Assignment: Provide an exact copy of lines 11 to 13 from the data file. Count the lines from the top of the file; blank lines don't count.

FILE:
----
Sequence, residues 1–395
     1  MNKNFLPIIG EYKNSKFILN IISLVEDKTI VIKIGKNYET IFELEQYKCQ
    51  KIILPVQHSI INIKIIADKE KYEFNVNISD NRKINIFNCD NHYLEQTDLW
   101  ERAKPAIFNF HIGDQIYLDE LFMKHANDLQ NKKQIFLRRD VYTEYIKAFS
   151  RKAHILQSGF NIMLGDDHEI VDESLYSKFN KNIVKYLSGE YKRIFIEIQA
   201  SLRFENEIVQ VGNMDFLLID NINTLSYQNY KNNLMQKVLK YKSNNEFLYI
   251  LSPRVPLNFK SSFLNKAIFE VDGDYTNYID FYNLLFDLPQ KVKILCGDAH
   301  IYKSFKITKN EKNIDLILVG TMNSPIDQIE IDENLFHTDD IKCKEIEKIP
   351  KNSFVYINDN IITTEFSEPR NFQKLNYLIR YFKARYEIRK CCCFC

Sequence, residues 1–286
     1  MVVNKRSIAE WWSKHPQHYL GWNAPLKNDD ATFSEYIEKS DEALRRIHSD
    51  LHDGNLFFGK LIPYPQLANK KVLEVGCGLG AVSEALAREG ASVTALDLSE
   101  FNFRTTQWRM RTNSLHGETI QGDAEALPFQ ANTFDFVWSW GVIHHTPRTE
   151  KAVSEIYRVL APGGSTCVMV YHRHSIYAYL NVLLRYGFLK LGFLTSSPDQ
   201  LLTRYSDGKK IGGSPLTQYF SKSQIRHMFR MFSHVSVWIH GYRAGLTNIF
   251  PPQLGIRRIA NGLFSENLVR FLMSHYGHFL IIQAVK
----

     1  MVVNKRSIAE WWSKHPQHYL GWNAPLKNDD ATFSEYIEKS DEALRRIHSD
    51  LHDGNLFFGK LIPYPQLANK KVLEVGCGLG AVSEALAREG ASVTALDLSE
   101  FNFRTTQWRM RTNSLHGETI QGDAEALPFQ ANTFDFVWSW GVIHHTPRTE